<p class="c2"><strong>For 12 years, National Geographic photographer <a class="c26" href="http://photography.nationalgeographic.com/photography/photographers/photographer-carsten-peter/">Carsten Peter</a> chased tornadoes alongside researcher Tim Samaras and his team. Samaras, his son Paul, and Carl Young <a class="c26" href="http://news.nationalgeographic.com/news/2013/06/130602-tim-samaras-dead-storm-chaser-tornadoes-reno-oklahoma-tornado/">died</a> Friday, May 31, chasing a tornado that touched down near El Reno, Oklahoma.</strong></p><p class="c2"><strong></strong>Many of Peter's photos appeared in the pages of&nbsp;<em>National Geographic</em> magazine, but others were not published. We asked Peter to share some of these unpublished photos—and talk about his memories of Samaras.</p><p class="c2">"For me, it's really tragic to lose all three friends at once. This is unbelievable," he said. "You can imagine, if you work together for 12 years, we have incredible memories together. Now I feel quite alone with these memories."</p><p class="c4 c18">In the photo above, Young (at left) and Tim try to estimate the size of a massive thunderstorm bearing down on Piedmont, Oklahoma, in 2012.</p><p class="c4 c18">"There were tight situations, especially in this storm, because there was huge hail," said Peter. But he felt safe when chasing storms with Tim, he added.</p><p class="c4 c18">—<em>Jane J. Lee and Melody Kramer </em></p>

Impending Storm

For 12 years, National Geographic photographer Carsten Peter chased tornadoes alongside researcher Tim Samaras and his team. Samaras, his son Paul, and Carl Young died Friday, May 31, chasing a tornado that touched down near El Reno, Oklahoma.

Many of Peter's photos appeared in the pages of National Geographic magazine, but others were not published. We asked Peter to share some of these unpublished photos—and talk about his memories of Samaras.

"For me, it's really tragic to lose all three friends at once. This is unbelievable," he said. "You can imagine, if you work together for 12 years, we have incredible memories together. Now I feel quite alone with these memories."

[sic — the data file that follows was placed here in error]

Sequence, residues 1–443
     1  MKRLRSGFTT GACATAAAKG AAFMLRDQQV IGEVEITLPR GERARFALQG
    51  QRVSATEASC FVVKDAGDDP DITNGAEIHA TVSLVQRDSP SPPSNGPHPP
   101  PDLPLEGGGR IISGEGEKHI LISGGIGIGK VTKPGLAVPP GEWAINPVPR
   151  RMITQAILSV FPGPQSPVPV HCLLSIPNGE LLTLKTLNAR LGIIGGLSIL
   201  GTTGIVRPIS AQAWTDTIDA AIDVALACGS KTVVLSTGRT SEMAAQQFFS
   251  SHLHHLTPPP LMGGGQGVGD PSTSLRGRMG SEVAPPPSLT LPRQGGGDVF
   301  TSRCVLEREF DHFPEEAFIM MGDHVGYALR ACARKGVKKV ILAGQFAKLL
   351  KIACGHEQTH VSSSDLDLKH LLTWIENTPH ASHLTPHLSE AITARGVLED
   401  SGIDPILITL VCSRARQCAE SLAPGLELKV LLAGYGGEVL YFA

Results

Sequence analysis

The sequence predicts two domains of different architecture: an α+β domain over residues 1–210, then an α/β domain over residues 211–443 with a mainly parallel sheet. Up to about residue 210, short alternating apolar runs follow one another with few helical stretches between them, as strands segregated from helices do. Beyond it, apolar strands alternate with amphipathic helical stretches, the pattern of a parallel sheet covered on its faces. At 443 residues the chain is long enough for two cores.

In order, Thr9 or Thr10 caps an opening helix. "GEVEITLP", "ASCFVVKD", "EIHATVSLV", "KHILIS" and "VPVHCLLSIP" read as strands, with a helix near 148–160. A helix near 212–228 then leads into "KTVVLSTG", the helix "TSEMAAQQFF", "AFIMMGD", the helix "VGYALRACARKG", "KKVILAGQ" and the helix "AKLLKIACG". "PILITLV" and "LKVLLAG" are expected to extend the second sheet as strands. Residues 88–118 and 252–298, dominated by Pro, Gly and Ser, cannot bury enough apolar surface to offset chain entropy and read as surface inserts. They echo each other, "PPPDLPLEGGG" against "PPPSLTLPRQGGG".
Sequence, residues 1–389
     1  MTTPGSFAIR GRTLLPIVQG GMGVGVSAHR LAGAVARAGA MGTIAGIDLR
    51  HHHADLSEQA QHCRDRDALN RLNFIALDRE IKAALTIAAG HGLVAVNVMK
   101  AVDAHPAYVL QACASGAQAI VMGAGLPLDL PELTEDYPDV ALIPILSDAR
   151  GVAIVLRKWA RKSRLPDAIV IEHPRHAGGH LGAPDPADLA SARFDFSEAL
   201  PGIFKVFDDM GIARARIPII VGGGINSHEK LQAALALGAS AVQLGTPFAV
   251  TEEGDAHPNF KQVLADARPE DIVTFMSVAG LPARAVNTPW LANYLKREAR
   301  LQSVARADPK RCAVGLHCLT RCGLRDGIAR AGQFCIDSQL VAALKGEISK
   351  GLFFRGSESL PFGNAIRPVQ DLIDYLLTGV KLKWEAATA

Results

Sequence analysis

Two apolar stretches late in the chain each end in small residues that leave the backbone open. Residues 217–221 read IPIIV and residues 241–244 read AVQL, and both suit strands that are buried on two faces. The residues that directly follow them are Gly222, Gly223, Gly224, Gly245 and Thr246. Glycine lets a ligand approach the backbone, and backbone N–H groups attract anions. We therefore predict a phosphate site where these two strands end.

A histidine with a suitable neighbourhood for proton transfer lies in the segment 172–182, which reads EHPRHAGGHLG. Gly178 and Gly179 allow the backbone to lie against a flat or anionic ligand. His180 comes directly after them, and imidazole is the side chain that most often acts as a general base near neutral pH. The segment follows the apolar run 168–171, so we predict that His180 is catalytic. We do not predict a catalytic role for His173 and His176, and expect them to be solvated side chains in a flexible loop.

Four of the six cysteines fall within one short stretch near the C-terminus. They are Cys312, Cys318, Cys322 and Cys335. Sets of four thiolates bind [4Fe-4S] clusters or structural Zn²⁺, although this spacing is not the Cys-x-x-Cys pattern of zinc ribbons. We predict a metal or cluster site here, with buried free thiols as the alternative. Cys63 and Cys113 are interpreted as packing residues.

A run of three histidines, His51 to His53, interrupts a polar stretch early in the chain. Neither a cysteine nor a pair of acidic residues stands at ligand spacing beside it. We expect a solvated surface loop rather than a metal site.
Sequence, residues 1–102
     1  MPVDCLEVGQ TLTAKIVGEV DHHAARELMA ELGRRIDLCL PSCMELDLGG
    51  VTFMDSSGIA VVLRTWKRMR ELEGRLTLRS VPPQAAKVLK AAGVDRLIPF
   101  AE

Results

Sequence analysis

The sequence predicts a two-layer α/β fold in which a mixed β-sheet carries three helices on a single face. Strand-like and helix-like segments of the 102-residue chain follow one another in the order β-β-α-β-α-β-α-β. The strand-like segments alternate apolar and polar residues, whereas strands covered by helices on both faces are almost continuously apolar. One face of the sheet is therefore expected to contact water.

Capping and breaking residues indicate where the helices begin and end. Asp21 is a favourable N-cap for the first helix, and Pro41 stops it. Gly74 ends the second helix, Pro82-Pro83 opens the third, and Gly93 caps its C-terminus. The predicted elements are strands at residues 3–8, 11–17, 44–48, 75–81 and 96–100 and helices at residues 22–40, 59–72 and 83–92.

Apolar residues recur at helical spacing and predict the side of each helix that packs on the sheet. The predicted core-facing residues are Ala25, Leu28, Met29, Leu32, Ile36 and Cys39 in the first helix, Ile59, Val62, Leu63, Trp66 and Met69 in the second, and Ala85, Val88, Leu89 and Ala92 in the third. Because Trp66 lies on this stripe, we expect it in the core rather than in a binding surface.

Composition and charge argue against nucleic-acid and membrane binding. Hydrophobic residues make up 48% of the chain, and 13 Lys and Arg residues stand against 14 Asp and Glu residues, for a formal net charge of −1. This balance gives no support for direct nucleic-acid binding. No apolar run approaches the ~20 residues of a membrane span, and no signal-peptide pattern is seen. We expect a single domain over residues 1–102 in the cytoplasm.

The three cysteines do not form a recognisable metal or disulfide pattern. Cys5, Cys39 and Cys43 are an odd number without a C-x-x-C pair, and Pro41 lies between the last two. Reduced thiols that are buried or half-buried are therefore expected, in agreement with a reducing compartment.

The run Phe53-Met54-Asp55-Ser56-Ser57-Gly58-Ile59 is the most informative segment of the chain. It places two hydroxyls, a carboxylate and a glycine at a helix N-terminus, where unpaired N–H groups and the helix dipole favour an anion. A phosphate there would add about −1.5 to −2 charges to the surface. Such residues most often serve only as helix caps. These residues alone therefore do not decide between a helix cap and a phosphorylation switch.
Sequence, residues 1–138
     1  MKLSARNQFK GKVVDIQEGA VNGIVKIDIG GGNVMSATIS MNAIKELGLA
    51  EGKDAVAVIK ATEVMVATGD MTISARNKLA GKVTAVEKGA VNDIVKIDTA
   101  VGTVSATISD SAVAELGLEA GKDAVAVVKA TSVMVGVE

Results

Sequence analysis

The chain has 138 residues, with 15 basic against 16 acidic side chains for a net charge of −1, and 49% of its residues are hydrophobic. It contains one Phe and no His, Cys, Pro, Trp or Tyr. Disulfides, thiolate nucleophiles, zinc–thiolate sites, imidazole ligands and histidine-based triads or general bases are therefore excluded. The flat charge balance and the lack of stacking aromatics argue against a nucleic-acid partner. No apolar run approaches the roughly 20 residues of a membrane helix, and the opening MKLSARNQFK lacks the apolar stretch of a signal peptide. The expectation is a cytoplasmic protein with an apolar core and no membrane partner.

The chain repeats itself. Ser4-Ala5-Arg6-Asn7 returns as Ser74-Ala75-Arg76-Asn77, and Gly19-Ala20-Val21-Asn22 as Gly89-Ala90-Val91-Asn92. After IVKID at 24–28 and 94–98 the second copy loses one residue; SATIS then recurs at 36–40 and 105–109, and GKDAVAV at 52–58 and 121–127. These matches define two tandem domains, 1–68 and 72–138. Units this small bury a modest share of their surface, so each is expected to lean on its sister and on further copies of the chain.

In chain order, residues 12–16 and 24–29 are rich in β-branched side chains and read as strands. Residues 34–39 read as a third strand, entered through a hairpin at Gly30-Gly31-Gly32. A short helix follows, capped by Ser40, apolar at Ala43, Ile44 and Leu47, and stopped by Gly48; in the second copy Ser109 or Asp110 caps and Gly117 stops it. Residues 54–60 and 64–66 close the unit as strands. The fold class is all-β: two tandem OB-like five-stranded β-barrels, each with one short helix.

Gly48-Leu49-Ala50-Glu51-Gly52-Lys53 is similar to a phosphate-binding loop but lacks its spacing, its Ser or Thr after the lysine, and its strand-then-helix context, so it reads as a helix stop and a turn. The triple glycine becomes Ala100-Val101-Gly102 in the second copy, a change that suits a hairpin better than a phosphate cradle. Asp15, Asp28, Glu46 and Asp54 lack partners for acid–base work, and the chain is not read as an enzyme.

In the photo above, Young (at left) and Tim try to estimate the size of a massive thunderstorm bearing down on Piedmont, Oklahoma, in 2012.

"There were tight situations, especially in this storm, because there was huge hail," said Peter. But he felt safe when chasing storms with Tim, he added.

Jane J. Lee and Melody Kramer

Photograph by Carsten Peter, National Geographic

Unpublished Pictures: Tornado Chaser Tim Samaras at Work

National Geographic photographer Carsten Peter talks about documenting storm chaser Tim Samaras at work in the field.

Read This Next

How can the most endangered ecosystem in the world be saved?
Afghans look for new ways to share their culture far from home
670,000 flags in D.C. pay tribute to U.S. COVID-19 deaths

Go Further

Subscriber Exclusive Content

Why are people so dang obsessed with Mars?

How viruses shape our world

The era of greyhound racing in the U.S. is coming to an end

See how people have imagined life on Mars through history

See how NASA’s new Mars rover will explore the red planet

Why are people so dang obsessed with Mars?

How viruses shape our world

The era of greyhound racing in the U.S. is coming to an end

See how people have imagined life on Mars through history

See how NASA’s new Mars rover will explore the red planet

Why are people so dang obsessed with Mars?

How viruses shape our world

The era of greyhound racing in the U.S. is coming to an end

See how people have imagined life on Mars through history

See how NASA’s new Mars rover will explore the red planet